Category Archives: Uncategorized

Cross-breeding to eradicate Chiari syndrome

In a new study published in the journal PLOS ONE, scientists from the University of Surrey, working with an experienced breeder in the Netherlands, examined how the skull and brain of toy dogs change when a Brussels Griffon with Chiari-like malformation is crossed with an Australian Terrier.  The succeeding hybrid puppy is then back crossed to a Brussels Griffon to give some of the features of the Brussels Griffon, but keeping the longer skull of the Australian Terrier.

Griffon and cross breed

Second-generation backcross and purebred Brussel Griffon Sire Photo credit: Henny van der Berg

The results from the study showed it is possible to breed a dog which had the external features of a short-nosed Brussels Griffon and reduce the risk of Chiari malformation, a debilitating condition found in toy dogs and affecting 1 in 1,280 humans.  The disease is characterised by premature fusion of skull bones forcing parts of the brain to push through the opening in the back of the skull causing fluid filled cavities to develop in the spinal cord. Chiari malformation causes headaches, problems with walking or even paralysis and has become prevalent in some toy breed dogs as a result of selective breeding.

The breeder, Henny van der Berg proposed the project idea after an accidental mating between two of her dogs.  The four-year study analysed five traits on magnetic resonance images (MRI) scans and how they changed generation by generation in the family of 29 dogs.  Using a careful selection of head shape and MRI scans over two generations, the findings revealed it was possible to breed a dog which had the external features of a Brussels Griffon, but is less susceptible to Chiari malformation.

“This is a true collaboration with breeders and researchers working together and using their expertise to improve the health of dogs,” said Dr Clare Rusbridge from the University of Surrey.

“Our study investigated how the characteristics of this disease is inherited in the family.  Such knowledge could help in tackling this debilitating disease in toy dog breeds.  We hope our research will help develop more sophisticated ways of screening and improve breeding guidelines by creating robust breeding values.”

The team at the University of Surrey is now collaborating with geneticists at the University of Montreal, and correlating the skull and brain traits visualised on magnetic resonance images with the dog genome. This information will then be translated to humans.

Source:  University of Surrey media release

My other posts about Chiari malformation include:

Joey and the Pit Bull


People who have autism are often misunderstood.  So are Pit Bulls.  These two make a great pair.

Kathleen Crisley, specialist in dog massage, rehabilitation and nutrition/food therapy, The Balanced Dog, Christchurch, New Zealand

 

Prepared for dew claw and nail injuries

Izzy is a greyhound, a breed that seems predisposed to a lot of dew claw injuries.  Her last one occurred in February, when running after another dog’s tennis ball at the dog park.

I am now better prepared for nail injuries – with the easy addition of some cornflour (corn starch for those of you in the Northern Hemisphere) in my first aid kit.

You don’t need a fancy styptic pencil in your first aid kit to stop the bleeding of a nail injury; this good old fashioned powder will do the job.  I’ve placed mine in a recycled prescription pill bottle.

Corn flour for dew claw injuries

If a nail injury occurs, you want to stop the bleeding which can be profuse.  Apply pressure and this powder to stem the bleeding.  Once stopped, then you can clean the wound properly with water and antiseptic and wrap the paw to keep it  clean.  Changing the bandage every day, re-applying antiseptic, is important.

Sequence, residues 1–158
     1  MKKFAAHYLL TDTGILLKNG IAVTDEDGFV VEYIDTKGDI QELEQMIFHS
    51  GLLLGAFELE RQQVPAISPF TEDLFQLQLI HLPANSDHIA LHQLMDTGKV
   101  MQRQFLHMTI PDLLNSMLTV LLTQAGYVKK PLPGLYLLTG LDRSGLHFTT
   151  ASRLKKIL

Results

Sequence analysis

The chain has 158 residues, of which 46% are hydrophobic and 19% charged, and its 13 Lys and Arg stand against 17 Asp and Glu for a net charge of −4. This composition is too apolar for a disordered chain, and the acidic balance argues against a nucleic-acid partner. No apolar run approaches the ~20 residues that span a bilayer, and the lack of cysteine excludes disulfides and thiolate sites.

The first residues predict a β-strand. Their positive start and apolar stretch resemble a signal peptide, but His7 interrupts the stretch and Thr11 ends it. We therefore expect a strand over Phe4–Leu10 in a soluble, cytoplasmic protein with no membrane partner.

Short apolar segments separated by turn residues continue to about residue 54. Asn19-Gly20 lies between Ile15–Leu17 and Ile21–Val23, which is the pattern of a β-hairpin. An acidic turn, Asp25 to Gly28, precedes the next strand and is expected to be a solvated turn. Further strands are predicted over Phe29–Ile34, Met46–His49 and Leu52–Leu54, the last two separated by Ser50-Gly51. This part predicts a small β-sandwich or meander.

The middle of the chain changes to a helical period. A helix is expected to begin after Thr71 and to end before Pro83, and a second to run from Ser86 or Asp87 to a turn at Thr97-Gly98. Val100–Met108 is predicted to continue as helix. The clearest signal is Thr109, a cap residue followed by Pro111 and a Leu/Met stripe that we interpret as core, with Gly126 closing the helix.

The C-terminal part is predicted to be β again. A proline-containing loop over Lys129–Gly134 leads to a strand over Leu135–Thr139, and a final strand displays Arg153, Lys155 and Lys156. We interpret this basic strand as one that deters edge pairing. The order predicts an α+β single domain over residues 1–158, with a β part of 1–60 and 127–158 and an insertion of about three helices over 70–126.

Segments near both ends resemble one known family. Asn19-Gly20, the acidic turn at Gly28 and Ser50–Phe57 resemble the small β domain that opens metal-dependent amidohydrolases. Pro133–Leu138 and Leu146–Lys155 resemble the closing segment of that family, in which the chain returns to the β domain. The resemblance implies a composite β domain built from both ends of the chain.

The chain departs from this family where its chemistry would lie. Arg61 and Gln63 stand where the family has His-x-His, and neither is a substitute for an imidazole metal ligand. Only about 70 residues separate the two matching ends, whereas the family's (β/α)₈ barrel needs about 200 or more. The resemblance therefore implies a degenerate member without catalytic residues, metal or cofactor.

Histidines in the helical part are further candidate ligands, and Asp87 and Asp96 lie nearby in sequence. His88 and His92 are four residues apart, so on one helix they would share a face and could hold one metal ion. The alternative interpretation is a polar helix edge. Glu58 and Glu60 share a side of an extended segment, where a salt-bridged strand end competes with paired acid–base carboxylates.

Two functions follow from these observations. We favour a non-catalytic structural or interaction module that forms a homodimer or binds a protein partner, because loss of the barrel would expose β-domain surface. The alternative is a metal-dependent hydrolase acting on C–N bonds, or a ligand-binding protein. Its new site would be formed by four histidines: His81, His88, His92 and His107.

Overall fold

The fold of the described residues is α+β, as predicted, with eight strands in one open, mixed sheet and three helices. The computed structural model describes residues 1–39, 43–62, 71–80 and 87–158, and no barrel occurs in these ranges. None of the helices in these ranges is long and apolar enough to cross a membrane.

Some nail injuries are worse than others; some will heal without veterinary help.  In our last case, the quick was fully exposed (ouch!) and despite my efforts to keep it clean and dry, it became red/irritated and infected. (This is why you have to change the bandage every day and check for signs of infection).

A short course of antibiotics prescribed by our vet took care of the job.

I’m much more confident now that I have my container of cornflour in our first aid kit.

Kathleen Crisley, specialist in dog massage, rehabilitation and nutrition/food therapy, The Balanced Dog, Christchurch, New Zealand

 

 

 

Homeopathics, in pack order

The Telegraph has reported this week that Queen Elizabeth II feeds her dogs in ‘order of seniority’  and that the dogs consume a range of herbal and homeopathic remedies.

Queen with Corgi

The Queen of England couldn’t be more Establishment and yet – there she is – open-minded enough to recognise that herbals and homeopathics may help keep her Corgis in good health, for longer.

I respect her for that.

It’s long been reported and known that the Queen is an animal-lover.  Dr Mugford, an animal psychologist who has worked with the Queen’s dogs says “The Queen has definite views about how dogs should be cared for: she doesn’t tolerate unkindness, and I remember she took a very dim view of President Lyndon B Johnson picking his dogs up by their ears.”

Queen Elizabeth has made the decision fairly recently not to replace her Corgis when they pass away, which has been a long-standing tradition in her household.  This is surely a sign that the Queen is feeling the pressures of time and old age.  She doesn’t want to bring dogs into the household when it’s highly likely they will out-live her.

Kathleen Crisley, specialist in dog massage, rehabilitation and nutrition/food therapy, The Balanced Dog, Christchurch, New Zealand

 

 

Patience

Patience

Some people find it hard to believe that a dog professional like myself has never raised a dog from a puppy.  That’s because my family raised me with the idea that you adopt, rather than buy, a dog.  And by default that has steered me into a life with re-homed dogs – both mixed breeds and purebreds – who have entered my life at different ages.

My first dog came from a shelter; my second came from a supermarket ‘free to a good home’ ad; my third was a private adoption facilitated by a local rescue group (but she had never lived in their shelter); my fourth was a word-of-mouth adoption of Daisy, a purebred Pointer, who had bounced back to her breeder through no fault of her own.  And now, I have Izzy who is a retired racing greyhound.

It’s a myth that ‘rescue’ dogs are all mixed breeds; many pure bred dogs also find themselves in need of re-homing.  Responsible breeders will take back a dog for any reason during the lifetime of the dog.  So, for example, in cases of divorce or an owner’s death, these dogs come up for adoption – and that’s only a couple of examples.  There are also breed specific rescue groups who are passionate supporters of a breed and work to re-home dogs who have fallen on bad times.